“Fantastic product! Wish it was this easy to find healthy snacks for us human-kinds! My dogs, big and small, absolutely love these! Even my friend’s uber picky eater dog goes crazy for these treats!” ~ Kelrick

Nature Gnaws All Natural Dog Chews Bully Sticks

Made from 100% natural, grass-fed, free-range beef. Oven baked without added hormones, preservatives or chemicals.

  • All natural, single ingredient
  • No added hormones, preservatives or color
  • Naturally high in protein and grain-free
  • Good for chewing exercise

“My dog loves these and I’m happy to be giving her something that’s grassfed and natural. She’s a fairly vigorous chewer and can finish one in a single sitting, but I can also take it away halfway through and give back later. It keeps her occupied.” ~ Heidi

Wet Noses Organic Dog Treats

USDA certified organic and non-GMO treats that come in several flavors – hemp seed and banana, carob and mint, cranberry and flaxseed, apple pie, sweet potato pie, agave and pear, apples and carrots, grain-free berry, grain-free peas and carrots, peanut butter, and pumpkin.

  • No corn, wheat or soy
  • No artificial color, artificial flavors or preservatives,
  • Made in USA, but only ships to the lower 48 states

“My little dog has an extremely sensitive stomach. I have to get his food from the vet. He can’t have beef, chicken, duck, lamb and grains. That leaves a lot out. My girlfriend has these treats and her dogs didn’t like them so she asked if my dog would like them. He goes nuts for these and they don’t seem to bother his stomach.” ~ Jeep Girl

Emmy’s Best Premium Chicken Jerky Treats

Thin strips of dehydrated, naturally preserved USDA Grade A chicken breasts. Thin and crispy. Sourced and produced in the US, in small batches.

  • No fillers, additives or preservatives
  • 100% satisfaction guarantee
  • One-ingredient product
  • Made in the USA

“My dog LOVES these. I have tried so many treats and she wouldn’t eat them. She would just push them around and over and over. Really she did. Until she received these Premium chicken Jerky Dog Treats. I believe this is my 4th order. They smell just like ‘baked’ chicken. You can break them into pieces easily.” ~ TamG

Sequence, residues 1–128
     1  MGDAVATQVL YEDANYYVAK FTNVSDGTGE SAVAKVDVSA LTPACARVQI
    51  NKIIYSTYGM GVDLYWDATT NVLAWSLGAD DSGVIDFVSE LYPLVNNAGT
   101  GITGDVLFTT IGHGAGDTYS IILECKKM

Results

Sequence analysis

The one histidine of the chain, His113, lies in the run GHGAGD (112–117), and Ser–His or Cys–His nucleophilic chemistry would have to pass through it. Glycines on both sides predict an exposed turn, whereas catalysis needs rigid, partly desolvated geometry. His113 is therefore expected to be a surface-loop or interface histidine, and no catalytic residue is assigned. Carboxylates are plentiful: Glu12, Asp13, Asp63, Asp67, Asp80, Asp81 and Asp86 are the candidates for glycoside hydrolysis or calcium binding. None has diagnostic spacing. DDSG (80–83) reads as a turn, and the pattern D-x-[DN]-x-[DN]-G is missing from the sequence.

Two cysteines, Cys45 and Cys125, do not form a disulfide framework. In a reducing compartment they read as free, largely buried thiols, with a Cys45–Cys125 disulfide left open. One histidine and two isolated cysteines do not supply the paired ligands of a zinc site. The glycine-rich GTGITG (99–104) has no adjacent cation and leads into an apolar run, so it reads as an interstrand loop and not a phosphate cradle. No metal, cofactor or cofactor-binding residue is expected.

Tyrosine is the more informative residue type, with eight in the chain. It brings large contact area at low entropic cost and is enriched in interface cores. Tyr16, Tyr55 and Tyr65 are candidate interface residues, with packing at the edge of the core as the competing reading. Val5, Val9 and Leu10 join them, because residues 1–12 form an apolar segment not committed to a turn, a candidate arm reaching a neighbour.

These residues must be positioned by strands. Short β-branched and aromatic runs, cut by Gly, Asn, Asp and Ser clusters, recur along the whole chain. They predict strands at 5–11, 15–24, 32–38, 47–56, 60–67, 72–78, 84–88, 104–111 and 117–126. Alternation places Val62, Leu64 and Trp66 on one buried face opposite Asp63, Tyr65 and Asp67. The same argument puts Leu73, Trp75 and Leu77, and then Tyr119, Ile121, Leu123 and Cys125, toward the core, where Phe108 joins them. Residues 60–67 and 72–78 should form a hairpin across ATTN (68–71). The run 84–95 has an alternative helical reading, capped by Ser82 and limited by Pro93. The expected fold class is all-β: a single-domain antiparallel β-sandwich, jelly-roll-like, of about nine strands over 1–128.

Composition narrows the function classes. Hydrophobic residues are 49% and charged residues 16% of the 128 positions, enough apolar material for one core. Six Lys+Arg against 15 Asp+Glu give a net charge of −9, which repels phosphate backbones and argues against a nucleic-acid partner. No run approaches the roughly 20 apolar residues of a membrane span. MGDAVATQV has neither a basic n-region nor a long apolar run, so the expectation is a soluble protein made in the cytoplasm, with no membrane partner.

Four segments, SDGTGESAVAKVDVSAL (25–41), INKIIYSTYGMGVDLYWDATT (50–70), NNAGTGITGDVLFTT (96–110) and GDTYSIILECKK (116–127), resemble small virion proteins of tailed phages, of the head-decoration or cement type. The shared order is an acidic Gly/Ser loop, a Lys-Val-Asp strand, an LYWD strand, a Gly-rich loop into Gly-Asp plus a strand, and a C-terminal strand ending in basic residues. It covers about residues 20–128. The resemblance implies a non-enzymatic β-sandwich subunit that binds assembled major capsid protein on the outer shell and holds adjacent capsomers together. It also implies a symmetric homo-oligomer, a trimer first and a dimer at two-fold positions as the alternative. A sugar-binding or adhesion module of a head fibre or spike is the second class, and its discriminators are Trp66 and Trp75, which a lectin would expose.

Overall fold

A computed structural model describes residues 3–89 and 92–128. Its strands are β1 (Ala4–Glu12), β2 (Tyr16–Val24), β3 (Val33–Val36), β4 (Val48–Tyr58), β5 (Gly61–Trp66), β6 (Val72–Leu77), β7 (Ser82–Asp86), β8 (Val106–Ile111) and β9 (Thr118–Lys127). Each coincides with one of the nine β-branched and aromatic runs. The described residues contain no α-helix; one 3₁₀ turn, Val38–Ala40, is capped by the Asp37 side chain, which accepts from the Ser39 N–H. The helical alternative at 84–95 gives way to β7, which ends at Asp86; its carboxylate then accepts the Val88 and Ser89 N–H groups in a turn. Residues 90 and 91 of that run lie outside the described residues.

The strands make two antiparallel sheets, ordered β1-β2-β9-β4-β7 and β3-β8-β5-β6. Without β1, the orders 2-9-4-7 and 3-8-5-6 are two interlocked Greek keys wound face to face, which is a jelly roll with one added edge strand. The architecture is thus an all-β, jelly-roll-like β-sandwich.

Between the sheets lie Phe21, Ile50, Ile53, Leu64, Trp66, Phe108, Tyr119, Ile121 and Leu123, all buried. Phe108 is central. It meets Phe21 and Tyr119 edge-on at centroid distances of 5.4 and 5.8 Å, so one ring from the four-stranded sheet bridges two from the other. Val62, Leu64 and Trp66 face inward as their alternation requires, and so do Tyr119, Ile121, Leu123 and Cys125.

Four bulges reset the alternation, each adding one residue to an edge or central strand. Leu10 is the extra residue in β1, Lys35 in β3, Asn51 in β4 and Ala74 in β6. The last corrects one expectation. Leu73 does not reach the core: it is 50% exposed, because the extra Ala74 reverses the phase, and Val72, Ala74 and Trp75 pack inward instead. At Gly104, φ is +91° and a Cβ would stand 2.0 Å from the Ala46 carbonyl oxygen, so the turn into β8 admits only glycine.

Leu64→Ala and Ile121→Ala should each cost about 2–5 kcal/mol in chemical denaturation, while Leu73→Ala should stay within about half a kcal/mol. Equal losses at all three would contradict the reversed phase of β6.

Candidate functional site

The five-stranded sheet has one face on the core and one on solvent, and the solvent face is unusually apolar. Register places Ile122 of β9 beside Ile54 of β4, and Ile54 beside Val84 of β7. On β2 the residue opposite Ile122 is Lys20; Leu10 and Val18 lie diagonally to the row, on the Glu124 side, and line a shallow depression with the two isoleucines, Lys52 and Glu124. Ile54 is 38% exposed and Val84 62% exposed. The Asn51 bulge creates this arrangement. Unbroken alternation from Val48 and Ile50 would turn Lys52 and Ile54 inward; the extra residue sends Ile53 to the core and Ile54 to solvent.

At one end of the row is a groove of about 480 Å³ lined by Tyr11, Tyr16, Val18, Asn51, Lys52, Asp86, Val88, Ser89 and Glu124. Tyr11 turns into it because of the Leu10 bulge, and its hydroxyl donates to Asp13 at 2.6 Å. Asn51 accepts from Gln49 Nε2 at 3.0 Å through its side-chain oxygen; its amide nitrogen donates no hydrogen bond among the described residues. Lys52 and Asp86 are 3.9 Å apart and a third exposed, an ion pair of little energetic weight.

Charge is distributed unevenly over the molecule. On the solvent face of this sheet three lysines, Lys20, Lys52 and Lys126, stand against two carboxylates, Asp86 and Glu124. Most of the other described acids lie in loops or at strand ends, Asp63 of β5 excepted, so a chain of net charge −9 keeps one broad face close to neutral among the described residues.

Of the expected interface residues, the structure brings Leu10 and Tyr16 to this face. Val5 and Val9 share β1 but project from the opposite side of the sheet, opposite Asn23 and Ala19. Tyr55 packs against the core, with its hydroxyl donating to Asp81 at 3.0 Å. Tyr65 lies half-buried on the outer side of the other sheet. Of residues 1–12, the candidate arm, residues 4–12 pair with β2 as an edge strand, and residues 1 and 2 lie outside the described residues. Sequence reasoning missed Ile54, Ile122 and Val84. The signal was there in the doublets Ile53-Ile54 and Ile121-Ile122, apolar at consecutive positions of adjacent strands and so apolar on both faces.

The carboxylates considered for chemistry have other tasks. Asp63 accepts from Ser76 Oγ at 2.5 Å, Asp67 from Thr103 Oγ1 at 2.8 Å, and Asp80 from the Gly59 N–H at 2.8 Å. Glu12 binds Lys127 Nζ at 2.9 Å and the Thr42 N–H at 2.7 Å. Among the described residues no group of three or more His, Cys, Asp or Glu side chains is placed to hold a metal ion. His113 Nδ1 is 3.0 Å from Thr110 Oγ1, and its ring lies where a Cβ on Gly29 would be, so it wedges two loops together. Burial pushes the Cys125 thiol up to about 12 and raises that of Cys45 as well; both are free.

BLUE Wilderness Grain Free Crunchy Dog Treats

A dry, crunchy treat that’s available in a flavors like duck, salmon, turkey, potatoes and flaxseed. They also have some location-specific treats like Denali Biscuits with salmon, venison and halibut or Bayou Biscuits with alligator and catfish!

  • 100% grain-free
  • No corn, wheat or soy
  • No artificial flavors or preservatives

“I love that I can give him a treat, and not worry about him braking out in a massive rash! He loves them, and we love these for him! Also since switching to this brand completely he has had so much more energy, is very playful again,and his coat has been simply amazing, and shiny.” ~ Becky85

Stella & Chewy’s Carnivore Crunch

Freeze-dried raw nuggets that are 98% meat, organs and ground bone from grass-fed, cage-free or wild-caught animals, including beef, chicken, duck or turkey. Minimally processed.

  • No added hormones, antibiotics or fillers
  • No artifical preservatives or colors
  • Single source animal protein
  • Grain-free
  • Made in the USA, although the meat may be sourced from other countries, except China.

“…these treats/foods really do illicit an almost panicked, I’ll do ANYTHING, gotta have it, response!” ~ NewShoes!

Avoid these popular, but unhealthy treats:

Greenies Dog Chews

Although recommended by veterinarians, these treats are not all-natural and there have been problems with white worm infestation, vomiting and intestinal obstructions. The main ingredient is wheat gluten.

Rawhide dog treats

Although dogs seem to love chewing on rawhide treats they are not digestible. It can swell up in the stomach or intestine which can lead to diarrhea, vomiting and pancreatitis. If a piece gets stuck somewhere in a dog’s digestive tract, he will likely need surgery.

Milk Bones

Probably the most popular dog treat available, however the ingredients are very questionable:

  • Wheat Flour
  • Wheat Bran
  • Wheat Germ
  • Meat and Bone Meal
  • Salt
  • Beef Fat (Preserved with BHA)
  • Sodium Metabisulfite (Used as a Preservative)

Even if you can get past the grain-heavy ingredients, the National Toxicology Program has concluded that BHA “is reasonably anticipated to be a human carcinogen.” Why feed something that may cause cancer?

Beggin Strips

Another product with very questionable ingredients:

  • lots of grain (barley, oat meal, brewers rice, soybean meal, ground whole wheat, corn gluten meal, wheat flour, wheat gluten, ground yellow corn)
  • glycerin and sugar
  • soy protein concentrate
  • salt, phosphoric acid, sorbic acid (a preservative)
  • BHA – likely carcinogenic
  • dyes (Red 40, Yellow 5, Blue 1, Yellow 6) – linked to cancer, allergies, hyperactivity, irritability and aggressiveness

Here’s a website where you can check for product recalls: treats

I hope you found some treats your dog really likes! If you’d like try making some of your own treats, check out this post with recipes.